Europe and Central Asia
9 Feb 2015

Which Energy Union? A vision of hope vs. the geopolitics of fear

Chris Potter - Flickr
By Ariel Brunner

The Energy Union is the next Big Idea of the EU which is supposed to breathe new life into a European project that has lost its appeal with citizens and national governments. At the moment, the Energy Union is an empty shell AND every lobby pushes its own individual product or technology. The tangible risk is that we will end up with a muddled mess.

The Energy Union is the next Big Idea of the EU. Nobody knows exactly what it is, only that it's supposed to breathe new life into a European project that has lost its appeal with citizens and national governments. The choices made by the Commission in the coming months will be crucial. An energy union built without public support will provoke a backlash that the EU can ill afford. Persuading people can be done in two ways. One is toxic, nasty and ultimately doomed. The other is inspiring, positive and sustainable. It’s the geopolitics of fear versus a vision of hope. We must choose the second way. Not because it is the only one that offers us a future worth living in, but also because it’s the only one where the EU is credible.

At the moment, the Energy Union is an empty shell AND every lobby pushes its own individual product or technology as the key to a successful future. The tangible risk is that we will end up with a muddled mess. At its heart, however, lies the idea of pooling together national energy policies, surrendering a further chunk of sovereignty in exchange for greater efficiency. This is a tough sell on a continent where anti-EU sentiments are rampant and nationalist and localism sentiments are on the rise. If the purpose of the union is unclear, and it translates, as it will, into big new infrastructures popping up in people’s backyards, it will become the perfect target for anti-EU propaganda. It will be seen as a new conspiracy, cooked up in smoke filled Brussels rooms, benefitting the hated financial and corporate elite, and undemocratically forced on hapless citizens. Demagogues will have field day. The backlash could be nasty, and the EU cannot afford it.

So the architects of the Energy Union must try to persuade citizens. This will require transparency, open debate and democratic involvement, even attention to our beloved birds, and it’s not yet clear that the Juncker/Sefcovic team is comfortable with such an approach. But more importantly, it will require a purpose. A “more efficient market” is not a plausible rallying cry in today’s Europe. As far as I can see, only two options are really on the table.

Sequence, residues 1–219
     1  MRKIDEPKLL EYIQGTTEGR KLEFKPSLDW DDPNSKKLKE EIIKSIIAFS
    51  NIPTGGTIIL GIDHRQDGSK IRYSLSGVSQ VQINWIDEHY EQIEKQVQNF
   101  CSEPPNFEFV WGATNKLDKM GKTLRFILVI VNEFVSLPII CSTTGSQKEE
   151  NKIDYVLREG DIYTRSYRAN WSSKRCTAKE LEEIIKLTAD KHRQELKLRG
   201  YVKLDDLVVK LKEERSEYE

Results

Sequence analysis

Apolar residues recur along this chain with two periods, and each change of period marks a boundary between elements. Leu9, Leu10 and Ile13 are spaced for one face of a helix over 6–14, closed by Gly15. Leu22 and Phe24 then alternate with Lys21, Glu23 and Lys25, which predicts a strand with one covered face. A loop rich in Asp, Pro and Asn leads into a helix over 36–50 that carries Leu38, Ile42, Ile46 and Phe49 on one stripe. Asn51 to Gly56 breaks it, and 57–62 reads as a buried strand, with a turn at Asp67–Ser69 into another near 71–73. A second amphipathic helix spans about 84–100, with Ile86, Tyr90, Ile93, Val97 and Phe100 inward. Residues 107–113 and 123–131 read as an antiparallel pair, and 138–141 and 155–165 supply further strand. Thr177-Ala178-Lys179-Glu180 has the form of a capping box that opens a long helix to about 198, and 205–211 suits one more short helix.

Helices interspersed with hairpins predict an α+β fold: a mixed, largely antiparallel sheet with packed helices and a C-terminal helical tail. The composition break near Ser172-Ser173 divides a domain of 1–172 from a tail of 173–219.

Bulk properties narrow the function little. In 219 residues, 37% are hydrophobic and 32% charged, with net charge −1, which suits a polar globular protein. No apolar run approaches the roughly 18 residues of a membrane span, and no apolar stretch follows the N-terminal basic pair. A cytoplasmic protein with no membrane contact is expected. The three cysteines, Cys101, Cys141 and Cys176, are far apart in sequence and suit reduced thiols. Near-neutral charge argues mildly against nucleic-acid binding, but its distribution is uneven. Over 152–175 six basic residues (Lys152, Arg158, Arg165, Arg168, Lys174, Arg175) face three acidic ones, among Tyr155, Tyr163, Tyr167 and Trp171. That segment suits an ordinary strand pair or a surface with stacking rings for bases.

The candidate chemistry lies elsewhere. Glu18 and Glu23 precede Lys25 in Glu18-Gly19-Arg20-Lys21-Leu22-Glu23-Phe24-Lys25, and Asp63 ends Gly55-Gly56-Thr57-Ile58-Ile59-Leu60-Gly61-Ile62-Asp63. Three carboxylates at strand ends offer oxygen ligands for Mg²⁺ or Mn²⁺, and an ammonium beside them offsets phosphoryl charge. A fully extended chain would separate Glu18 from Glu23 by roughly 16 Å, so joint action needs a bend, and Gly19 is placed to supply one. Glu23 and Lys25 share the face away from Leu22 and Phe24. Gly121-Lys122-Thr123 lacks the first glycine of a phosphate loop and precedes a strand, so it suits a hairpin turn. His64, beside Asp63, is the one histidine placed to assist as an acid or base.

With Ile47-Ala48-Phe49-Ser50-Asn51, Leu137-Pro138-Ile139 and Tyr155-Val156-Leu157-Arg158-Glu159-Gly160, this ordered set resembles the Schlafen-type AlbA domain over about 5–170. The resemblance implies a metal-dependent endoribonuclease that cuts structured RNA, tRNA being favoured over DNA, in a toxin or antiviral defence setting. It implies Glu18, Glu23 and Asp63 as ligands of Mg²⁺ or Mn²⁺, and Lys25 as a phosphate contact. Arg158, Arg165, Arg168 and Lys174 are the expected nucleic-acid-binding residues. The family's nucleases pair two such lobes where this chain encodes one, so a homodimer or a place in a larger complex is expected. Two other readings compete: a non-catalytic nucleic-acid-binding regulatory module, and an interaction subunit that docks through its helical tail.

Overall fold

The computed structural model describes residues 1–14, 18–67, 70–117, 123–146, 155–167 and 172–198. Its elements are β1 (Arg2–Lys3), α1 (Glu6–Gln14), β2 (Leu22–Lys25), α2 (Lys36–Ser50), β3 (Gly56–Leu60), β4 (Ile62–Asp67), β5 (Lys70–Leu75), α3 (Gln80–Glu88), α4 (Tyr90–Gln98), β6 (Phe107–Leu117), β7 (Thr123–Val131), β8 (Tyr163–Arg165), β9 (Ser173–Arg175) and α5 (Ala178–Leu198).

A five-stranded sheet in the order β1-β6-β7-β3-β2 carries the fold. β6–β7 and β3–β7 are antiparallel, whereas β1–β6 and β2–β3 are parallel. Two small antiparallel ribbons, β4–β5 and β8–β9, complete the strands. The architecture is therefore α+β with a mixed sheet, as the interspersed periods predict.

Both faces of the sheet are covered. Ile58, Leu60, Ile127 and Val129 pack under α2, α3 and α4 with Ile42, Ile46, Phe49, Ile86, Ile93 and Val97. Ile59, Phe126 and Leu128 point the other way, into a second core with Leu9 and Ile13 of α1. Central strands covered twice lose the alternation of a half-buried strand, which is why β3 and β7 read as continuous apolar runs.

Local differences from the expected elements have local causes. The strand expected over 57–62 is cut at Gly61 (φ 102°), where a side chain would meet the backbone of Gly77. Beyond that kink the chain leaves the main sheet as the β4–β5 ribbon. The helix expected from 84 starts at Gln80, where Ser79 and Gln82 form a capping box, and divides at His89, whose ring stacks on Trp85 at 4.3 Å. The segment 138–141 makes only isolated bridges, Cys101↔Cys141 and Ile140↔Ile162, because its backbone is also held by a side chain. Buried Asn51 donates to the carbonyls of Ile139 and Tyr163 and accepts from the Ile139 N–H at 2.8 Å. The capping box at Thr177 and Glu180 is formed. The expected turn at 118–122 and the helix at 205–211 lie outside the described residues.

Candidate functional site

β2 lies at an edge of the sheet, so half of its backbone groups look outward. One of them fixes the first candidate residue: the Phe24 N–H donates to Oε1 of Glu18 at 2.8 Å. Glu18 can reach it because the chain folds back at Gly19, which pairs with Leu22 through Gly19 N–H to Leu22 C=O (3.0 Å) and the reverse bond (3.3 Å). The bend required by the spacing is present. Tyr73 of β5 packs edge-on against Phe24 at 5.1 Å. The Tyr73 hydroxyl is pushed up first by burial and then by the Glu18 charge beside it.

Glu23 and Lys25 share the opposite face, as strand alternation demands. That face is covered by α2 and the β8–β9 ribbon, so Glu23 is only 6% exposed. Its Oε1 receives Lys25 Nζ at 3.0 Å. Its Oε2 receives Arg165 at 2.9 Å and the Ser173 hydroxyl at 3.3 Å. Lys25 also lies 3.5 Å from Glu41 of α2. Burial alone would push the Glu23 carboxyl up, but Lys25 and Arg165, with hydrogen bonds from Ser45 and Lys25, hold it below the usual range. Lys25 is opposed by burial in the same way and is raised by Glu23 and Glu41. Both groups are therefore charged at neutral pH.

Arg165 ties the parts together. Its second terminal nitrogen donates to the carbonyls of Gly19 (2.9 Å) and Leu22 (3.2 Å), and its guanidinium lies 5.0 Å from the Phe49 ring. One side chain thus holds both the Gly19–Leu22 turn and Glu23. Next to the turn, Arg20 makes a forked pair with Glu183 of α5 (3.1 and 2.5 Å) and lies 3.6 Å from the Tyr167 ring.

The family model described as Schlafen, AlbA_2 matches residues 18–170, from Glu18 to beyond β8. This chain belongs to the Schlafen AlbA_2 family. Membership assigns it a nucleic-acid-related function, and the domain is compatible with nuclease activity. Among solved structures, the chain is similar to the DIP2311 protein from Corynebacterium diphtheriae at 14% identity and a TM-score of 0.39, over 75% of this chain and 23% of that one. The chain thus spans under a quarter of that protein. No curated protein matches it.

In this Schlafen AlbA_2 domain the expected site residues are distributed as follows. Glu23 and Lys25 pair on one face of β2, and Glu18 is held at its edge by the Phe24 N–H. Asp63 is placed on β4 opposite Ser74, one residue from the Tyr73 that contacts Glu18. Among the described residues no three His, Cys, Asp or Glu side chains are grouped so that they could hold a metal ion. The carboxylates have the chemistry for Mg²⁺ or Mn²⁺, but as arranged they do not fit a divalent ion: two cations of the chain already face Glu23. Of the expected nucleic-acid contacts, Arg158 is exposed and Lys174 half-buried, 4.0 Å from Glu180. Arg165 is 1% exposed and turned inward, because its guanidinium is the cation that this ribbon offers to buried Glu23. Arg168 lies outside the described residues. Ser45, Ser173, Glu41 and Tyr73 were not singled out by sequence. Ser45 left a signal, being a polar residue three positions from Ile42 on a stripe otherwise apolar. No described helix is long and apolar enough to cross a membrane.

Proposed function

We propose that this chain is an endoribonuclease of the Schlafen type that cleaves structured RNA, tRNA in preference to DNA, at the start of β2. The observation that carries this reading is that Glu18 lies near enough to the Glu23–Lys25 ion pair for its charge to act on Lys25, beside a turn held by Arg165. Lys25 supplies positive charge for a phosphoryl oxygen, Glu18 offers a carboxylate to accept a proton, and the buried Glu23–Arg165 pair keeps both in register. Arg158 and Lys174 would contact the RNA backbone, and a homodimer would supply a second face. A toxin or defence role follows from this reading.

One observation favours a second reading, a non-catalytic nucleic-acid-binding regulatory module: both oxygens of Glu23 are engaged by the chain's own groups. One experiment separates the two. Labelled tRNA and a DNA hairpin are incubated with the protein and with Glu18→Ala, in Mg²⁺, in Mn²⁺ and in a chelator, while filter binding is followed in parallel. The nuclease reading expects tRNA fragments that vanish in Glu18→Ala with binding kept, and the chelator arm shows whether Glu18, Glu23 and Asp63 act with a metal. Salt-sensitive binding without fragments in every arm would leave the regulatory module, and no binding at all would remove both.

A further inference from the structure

The first option is to play on the geopolitics of fear. The Russian threat to gas supplies and growing competition for resources from China and India can be portrayed as an existential threat. A touch of xenophobia that might just convince Europeans that they'd better stick together against the rest of the world. A union based on this premise will be a Gas Union, with emphasis on pipeline diplomacy and a global game for control of fossil fuels. Preventing climate change will be seen as a luxury we can’t really afford, energy efficiency as a good idea, but only if it doesn’t interfere too much with the business model of the energy giants we need to recruit on our side of the game. It is a global zero sum game; whatever we win, we’ll be taking away from someone else. And whoever burns the fossil fuels, the effect on climate and nature will be disastrous.

The second option is to offer people a vision of a deep and comprehensive energy transition that can create a sustainable, healthy and fair Europe. It’s a vision of a highly efficient economy that uses energy sparingly, and produces it from local renewable sources. It’s an electric Europe, where an internet-like grid allows citizens to produce their own energy but also allows movement of energy over time and space from where it is plentiful to where it is needed. It is an exciting vision of transformational technological change and a rediscovery of the social role that energy plays. In this vision, the enemies are climate change, pollution and energy poverty, not other people. It is a positive sum game. If we build a just and sustainable society, the Chinese, the Indians, the Russians, and the Arabs can all follow suit if they wish.

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You will not be surprised that as an environmentalist, I prefer the second option. If we go for the first, we are heading for a world that is too nasty to even contemplate. But there is also a narrow political logic for taking the second option. It’s the only one that has a chance of appearing credible to citizens. Would the ‘man in the street’ believe the EU capable of winning against the rest of the world as a shrewd gas negotiator or tough international bully? Most people would laugh at the idea. Would national governments trust Brussels to keep the lights on and their citizens warm? They are already pouring resources into keeping idle capacity and strategic reserves of their own. The second vision is about creating ground breaking social and economic arrangements to create stability, progress and a better society, which other nations then want to join and emulate? Well, on that we at least have a track record running back more than half a century – it is what the EU has done since its creation.




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